|(Normal form) trembling hand perfect equilibrium|
|A solution concept in game theory|
|Subset of||Nash Equilibrium|
|Superset of||Proper equilibrium|
|Proposed by||Reinhard Selten|
In game theory, trembling hand perfect equilibrium is a refinement of Nash equilibrium due to Reinhard Selten.A trembling hand perfect equilibrium is an equilibrium that takes the possibility of off-the-equilibrium play into account by assuming that the players, through a "slip of the hand" or tremble, may choose unintended strategies, albeit with negligible probability.
First define a perturbed game. A perturbed game is a copy of a base game, with the restriction that only totally mixed strategies are allowed to be played. A totally mixed strategy is a mixed strategy where every pure strategy is played with non-zero probability. This is the "trembling hands" of the players; they sometimes play a different strategy, other than the one they intended to play. Then define a strategy set S (in a base game) as being trembling hand perfect if there is a sequence of perturbed games that converge to the base game in which there is a series of Nash equilibria that converge to S.
Note: All completely mixed Nash equilibria are perfect.
Note2: The mixed strategy extension of any finite normal-form game has at least one perfect equilibrium.
The game represented in the following normal form matrix has two pure strategy Nash equilibria, namely and . However, only is trembling-hand perfect.
|Up||1, 1||2, 0|
|Down||0, 2||2, 2|
|Trembling hand perfect equilibrium|
Assume player 1 (the row player) is playing a mixed strategy , for .
Player 2's expected payoff from playing L is:
Player 2's expected payoff from playing the strategy R is:
For small values of , player 2 maximizes his expected payoff by placing a minimal weight on R and maximal weight on L. By symmetry, player 1 should place a minimal weight on D if player 2 is playing the mixed strategy . Hence is trembling-hand perfect.
However, similar analysis fails for the strategy profile .
Assume player 2 is playing a mixed strategy . Player 1's expected payoff from playing U is:
Player 1's expected payoff from playing D is:
For all positive values of , player 1 maximizes his expected payoff by placing a minimal weight on D and maximal weight on U. Hence is not trembling-hand perfect because player 2 (and, by symmetry, player 1) maximizes his expected payoff by deviating most often to L if there is a small chance of error in the behavior of player 1.
For 2x2 games, the set of trembling-hand perfect equilibria coincides with the set of equilibria consisting of two undominated strategies. In the example above, we see that the equilibrium <Down,Right> is imperfect, as Left (weakly) dominates Right for Player 2 and Up (weakly) dominates Down for Player 1.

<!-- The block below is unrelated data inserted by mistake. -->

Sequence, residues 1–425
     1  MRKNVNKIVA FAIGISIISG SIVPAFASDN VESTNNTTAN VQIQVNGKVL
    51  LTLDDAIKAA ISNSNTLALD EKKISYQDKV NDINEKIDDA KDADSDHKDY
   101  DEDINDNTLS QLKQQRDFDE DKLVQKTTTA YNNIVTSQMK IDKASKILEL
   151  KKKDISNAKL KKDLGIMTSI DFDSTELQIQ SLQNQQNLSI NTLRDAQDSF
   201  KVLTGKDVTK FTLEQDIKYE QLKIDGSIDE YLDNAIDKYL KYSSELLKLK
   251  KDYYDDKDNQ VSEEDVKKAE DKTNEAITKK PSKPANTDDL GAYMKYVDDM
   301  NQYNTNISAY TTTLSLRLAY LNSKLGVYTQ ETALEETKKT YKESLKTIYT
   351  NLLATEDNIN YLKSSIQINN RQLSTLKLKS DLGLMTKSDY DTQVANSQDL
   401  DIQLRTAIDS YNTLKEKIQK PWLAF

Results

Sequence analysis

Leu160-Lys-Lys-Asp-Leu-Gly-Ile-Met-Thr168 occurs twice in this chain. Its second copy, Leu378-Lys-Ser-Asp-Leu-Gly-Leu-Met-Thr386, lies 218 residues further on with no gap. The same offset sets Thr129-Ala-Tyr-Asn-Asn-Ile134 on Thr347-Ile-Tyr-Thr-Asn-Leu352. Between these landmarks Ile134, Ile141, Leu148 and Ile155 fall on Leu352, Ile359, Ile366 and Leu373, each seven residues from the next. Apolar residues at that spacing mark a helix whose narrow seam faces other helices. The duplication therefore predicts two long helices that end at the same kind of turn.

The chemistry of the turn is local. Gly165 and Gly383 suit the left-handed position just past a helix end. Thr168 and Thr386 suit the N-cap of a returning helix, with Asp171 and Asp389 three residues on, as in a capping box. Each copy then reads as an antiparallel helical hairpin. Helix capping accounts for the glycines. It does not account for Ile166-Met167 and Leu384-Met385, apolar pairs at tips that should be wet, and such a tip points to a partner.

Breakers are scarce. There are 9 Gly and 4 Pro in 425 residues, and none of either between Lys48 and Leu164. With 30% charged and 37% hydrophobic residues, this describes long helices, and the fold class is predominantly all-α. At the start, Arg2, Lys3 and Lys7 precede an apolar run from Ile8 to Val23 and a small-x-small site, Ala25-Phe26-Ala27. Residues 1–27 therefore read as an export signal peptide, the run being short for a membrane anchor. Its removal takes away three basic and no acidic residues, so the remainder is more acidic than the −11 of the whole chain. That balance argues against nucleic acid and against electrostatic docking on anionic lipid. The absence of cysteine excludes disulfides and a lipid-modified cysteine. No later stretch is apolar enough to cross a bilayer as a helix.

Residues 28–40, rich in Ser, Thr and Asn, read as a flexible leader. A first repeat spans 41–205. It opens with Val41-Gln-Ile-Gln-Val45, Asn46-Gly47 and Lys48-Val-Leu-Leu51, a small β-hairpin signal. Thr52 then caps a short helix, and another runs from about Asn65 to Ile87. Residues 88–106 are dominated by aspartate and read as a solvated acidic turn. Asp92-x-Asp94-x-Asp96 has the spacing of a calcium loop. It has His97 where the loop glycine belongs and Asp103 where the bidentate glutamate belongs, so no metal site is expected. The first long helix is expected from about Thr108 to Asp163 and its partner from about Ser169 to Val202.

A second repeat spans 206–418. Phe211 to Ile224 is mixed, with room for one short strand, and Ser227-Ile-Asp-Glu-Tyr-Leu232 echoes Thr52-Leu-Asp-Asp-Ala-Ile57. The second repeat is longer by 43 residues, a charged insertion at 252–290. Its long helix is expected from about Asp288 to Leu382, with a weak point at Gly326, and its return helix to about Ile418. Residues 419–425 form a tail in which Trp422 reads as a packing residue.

|Extensive-form trembling hand perfect equilibrium|
|A solution concept in game theory|
|Subset of||Subgame perfect equilibrium, Perfect Bayesian equilibrium, Sequential equilibrium|
|Proposed by||Reinhard Selten|
|Used for||Extensive form games|
There are two possible ways of extending the definition of trembling hand perfection to extensive form games.
The notions of normal-form and extensive-form trembling hand perfect equilibria are incomparable, i.e., an equilibrium of an extensive-form game may be normal-form trembling hand perfect but not extensive-form trembling hand perfect and vice versa. As an extreme example of this, Jean-François Mertens has given an example of a two-player extensive form game where no extensive-form trembling hand perfect equilibrium is admissible, i.e., the sets of extensive-form and normal-form trembling hand perfect equilibria for this game are disjoint.[ citation needed ]
An extensive-form trembling hand perfect equilibrium is also a sequential equilibrium. A normal-form trembling hand perfect equilibrium of an extensive form game may be sequential but is not necessarily so. In fact, a normal-form trembling hand perfect equilibrium does not even have to be subgame perfect.
Myerson (1978)pointed out that perfection is sensitive to the addition of a strictly dominated strategy, and instead proposed another refinement, known as proper equilibrium.
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